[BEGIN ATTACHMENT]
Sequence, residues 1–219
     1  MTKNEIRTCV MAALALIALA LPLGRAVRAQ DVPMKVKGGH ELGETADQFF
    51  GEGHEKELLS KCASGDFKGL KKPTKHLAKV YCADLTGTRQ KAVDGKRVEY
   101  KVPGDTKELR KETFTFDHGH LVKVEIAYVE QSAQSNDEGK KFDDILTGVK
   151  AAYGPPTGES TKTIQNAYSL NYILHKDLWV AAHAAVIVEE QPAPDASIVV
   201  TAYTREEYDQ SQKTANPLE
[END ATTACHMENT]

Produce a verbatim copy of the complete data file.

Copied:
Sequence, residues 1–219
     1  MTKNEIRTCV MAALALIALA LPLGRAVRAQ DVPMKVKGGH ELGETADQFF
    51  GEGHEKELLS KCASGDFKGL KKPTKHLAKV YCADLTGTRQ KAVDGKRVEY
   101  KVPGDTKELR KETFTFDHGH LVKVEIAYVE QSAQSNDEGK KFDDILTGVK
   151  AAYGPPTGES TKTIQNAYSL NYILHKDLWV AAHAAVIVEE QPAPDASIVV
   201  TAYTREEYDQ SQKTANPLE